What does research actually do at the Stuttgart University of Applied Sciences? A great deal! And we want to show that too. So it's high time for a magazine that packs concentrated research knowledge in a way that is easy to understand. The HFT Stuttgart's science magazine "metropol" has succeeded in doing just that in style.
The first issue already deals with an everyday and red-hot topic: How does energy transition work? The example of the municipality of Wüstenrot is used to illustrate this. More than 10 years ago, a small community near Heilbronn decided to take the energy transition into its own hands and was looking for a strong partner. They found one in the HFT Stuttgart. In the form of several projects since 2010, the community has been transformed step by step into a plus-energy community. The community now produces more energy than it actually needs itself. It even feeds its surplus energy back into the system. A goal that many larger cities and municipalities can only dream of.
"Everything starts on a greenfield site" is not only how the main article in the magazine starts, but also the project in the municipality of Wüstenrot. Better said: underneath it. And it takes the form of agrothermics. Pipes - buried deep in the ground - lead from precisely this meadow to an adjacent settlement. Why? The technology uses the ground's geothermal energy to supply the residential buildings in the settlement. This means that it provides heat in winter and cooling on hot summer days. Ten years ago, this form of energy supply was still completely new and unexplored. There were no empirical values.
The brains behind this idea are Dr. Dirk Pietruschka, Head of the Centre for Sustainable Energy Technology at the HFT Stuttgart, and Thomas Löffelhardt, Technical Manager of the Building and Energy Division of the Wüstenrot Municipality. A few years earlier, when they didn't know each other at all, Löffelhardt and his counterpart - Dirk Storz, Managing Director of the company "die Erneuerbaren" - shared a vision in a friendly atmosphere at the "Billardstüble Greuthof" in Wüstenrot: Wüstenrot is becoming independent and is to become a plus-energy community by 2020. At an event held as part of the "Energetikom", they met Dirk Pietruschka, who not only brings specialist knowledge, but also the right idea in the form of agrothermics. The cooperation takes off. "Before we could get started, we first had to convince the local council. Together we won them over to the idea of the village investing in a technology that had not yet been tried and tested," says Löffelhardt. But it didn't stop at the PlusEnergy settlement. In the last decade, the municipality has initiated and mastered five major research projects together with researchers from the HFT Stuttgart.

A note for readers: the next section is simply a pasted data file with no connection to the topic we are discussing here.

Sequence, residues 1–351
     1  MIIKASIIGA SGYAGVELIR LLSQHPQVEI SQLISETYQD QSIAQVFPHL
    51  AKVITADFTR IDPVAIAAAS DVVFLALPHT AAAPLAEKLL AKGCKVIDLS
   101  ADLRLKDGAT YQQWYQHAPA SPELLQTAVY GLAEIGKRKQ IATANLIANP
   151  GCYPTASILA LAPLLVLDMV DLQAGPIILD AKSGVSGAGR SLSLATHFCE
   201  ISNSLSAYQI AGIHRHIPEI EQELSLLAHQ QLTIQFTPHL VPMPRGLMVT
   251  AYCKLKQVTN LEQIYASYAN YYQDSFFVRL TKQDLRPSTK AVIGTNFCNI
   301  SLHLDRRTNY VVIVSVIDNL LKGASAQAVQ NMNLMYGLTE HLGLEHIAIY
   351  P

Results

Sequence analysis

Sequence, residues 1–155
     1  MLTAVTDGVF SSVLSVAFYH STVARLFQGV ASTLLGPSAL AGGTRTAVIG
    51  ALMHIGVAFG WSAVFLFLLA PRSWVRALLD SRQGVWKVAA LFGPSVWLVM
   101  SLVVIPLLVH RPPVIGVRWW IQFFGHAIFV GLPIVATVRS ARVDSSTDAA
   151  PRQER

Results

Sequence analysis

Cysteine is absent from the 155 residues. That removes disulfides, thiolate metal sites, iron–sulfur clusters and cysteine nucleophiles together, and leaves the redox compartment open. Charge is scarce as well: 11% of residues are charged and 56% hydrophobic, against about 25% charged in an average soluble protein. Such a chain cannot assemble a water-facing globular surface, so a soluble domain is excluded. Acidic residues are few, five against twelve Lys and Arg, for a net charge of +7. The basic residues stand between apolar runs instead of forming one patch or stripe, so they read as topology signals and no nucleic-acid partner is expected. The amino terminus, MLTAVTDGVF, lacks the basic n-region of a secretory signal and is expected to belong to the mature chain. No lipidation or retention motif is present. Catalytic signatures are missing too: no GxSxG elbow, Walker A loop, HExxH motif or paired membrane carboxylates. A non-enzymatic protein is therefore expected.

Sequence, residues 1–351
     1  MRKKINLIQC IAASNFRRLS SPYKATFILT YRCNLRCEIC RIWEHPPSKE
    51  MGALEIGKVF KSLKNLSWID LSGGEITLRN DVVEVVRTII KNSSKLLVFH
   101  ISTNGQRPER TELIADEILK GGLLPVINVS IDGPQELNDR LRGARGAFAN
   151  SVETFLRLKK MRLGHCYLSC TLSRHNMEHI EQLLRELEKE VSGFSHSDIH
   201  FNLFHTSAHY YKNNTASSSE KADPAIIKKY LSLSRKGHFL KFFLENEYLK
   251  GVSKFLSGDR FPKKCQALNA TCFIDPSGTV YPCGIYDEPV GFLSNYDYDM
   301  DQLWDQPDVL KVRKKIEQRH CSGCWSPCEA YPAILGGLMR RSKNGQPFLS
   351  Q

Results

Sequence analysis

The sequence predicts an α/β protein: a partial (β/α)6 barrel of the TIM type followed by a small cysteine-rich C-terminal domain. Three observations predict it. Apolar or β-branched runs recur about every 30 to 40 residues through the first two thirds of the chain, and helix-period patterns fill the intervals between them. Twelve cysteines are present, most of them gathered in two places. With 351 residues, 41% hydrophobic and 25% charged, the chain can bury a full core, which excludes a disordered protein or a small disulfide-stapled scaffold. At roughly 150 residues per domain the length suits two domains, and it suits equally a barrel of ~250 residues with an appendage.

An entire community becomes a research field for different disciplines
At the moment, the fields of acceptance and mobility research are very much in demand in Wüstenrot, because energy transition not only means a change in energy supply, but also in areas such as one's own mobility. For example, the mobility behaviour of people in Wüstenrot is being studied with the aim of identifying where exactly charging stations for e-cars should be installed or how a bidirectional charging system can best be implemented. In this system, e-cars serve as intermediate storage and are coupled with the house electricity. To prevent the grid from collapsing, it must be analysed, for example, when charging would be best. In addition, there is the idea of car-sharing in Wüstenrot. A sustainable and important need, because many cars stand unused for days in the driveway or on the street. Why not simply share e-cars and thus contribute to the energy transition? The idea is well received and several neighbouring communities are participating in this project. So you can see that things are still interesting in Wüstenrot and that there are still many ideas that would like to be realised.
Such a sense of climate competence and sustainability cannot be taken for granted - especially for a small community. It is therefore not surprising that people from all over the world, e.g. China, the Caribbean and the USA, are now making pilgrimages to Wüstenrot to find out what a small municipality has achieved with a lot of courage and élan together with the population. The complete story about this unique project can be read in the first issue of the HFT Stuttgart's science magazine "metropol".
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